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Colubridae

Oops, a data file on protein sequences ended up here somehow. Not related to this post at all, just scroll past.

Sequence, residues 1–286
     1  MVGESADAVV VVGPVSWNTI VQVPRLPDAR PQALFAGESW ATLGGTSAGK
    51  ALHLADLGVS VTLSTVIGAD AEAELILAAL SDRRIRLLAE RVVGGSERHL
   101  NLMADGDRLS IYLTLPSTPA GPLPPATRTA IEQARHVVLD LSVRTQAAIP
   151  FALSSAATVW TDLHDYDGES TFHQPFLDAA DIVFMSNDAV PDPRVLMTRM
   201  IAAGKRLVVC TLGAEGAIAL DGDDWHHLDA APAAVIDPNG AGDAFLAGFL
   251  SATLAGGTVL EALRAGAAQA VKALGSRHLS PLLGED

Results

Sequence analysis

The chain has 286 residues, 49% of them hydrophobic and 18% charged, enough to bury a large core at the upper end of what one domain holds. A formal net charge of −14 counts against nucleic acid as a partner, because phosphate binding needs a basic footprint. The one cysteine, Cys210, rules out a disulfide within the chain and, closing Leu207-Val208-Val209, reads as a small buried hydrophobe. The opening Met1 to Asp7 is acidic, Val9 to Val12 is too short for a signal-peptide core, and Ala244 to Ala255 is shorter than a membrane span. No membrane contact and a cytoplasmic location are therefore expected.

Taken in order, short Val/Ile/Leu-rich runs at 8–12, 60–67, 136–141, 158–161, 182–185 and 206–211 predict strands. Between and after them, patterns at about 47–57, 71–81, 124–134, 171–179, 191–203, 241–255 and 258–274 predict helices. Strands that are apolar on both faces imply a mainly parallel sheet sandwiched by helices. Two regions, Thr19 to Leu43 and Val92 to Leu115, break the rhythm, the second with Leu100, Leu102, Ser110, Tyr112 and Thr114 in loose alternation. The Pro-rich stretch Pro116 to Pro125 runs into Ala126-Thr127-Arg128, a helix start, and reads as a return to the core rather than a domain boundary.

Colubridae (colubrid snakes; order Squamata, suborder Serpentes) The largest family of snakes, most of which are harmless and have solid teeth, but some of which are venomous, with teeth at the back of the jaws grooved for venom. The left lung is small, or absent. They have no trace of hind limbs. Members of the genus Natrix are usually found near water, where they feed on amphibians and small mammals. N. maura (viperine snake), of the Mediterranean region, grows to almost 1 m and bears markings similar to those of the adder, from which it can be distinguished by the round pupils of its eyes (those of an adder are vertical). N. natrix (grass snake or ringed snake) is widely distributed in Europe. N. tessellata (dice snake or tessellated snake) whose range extends from central Europe to central Asia rarely exceeds 1 m in length. Coluber viridiflavus (dark-green whip snake, European whip snake, or western whip snake), found mainly in France, southern Switzerland, and Italy, grows to a maximum of about 1.9 m and is harmless to humans, but aggressive and agile. Coronella austriaca (smooth snake) of Europe and western Asia rarely exceeds 70 cm in length; it is ovoviviparous. Elaphe longissima (Aesculapian snake) of central and southern Europe grows to 2 m, E. quatuorlineata four-lined snake), whose range extends into the southern USSR and Iran, grows to 2.5 m, and E. situla (leopard snake), of southern Europe and the Near East, grows to 1 m. Dispholidus typus (boomslang) is the only member of the family whose bite may be fatal to humans; it is an agile tree snake (its common name means ‘tree snake’ in Afrikaans), up to 1.8 m long, found in the African savannah. There are about 1000 colubrid species, distributed throughout the world. See also EGG-EATING SNAKES.

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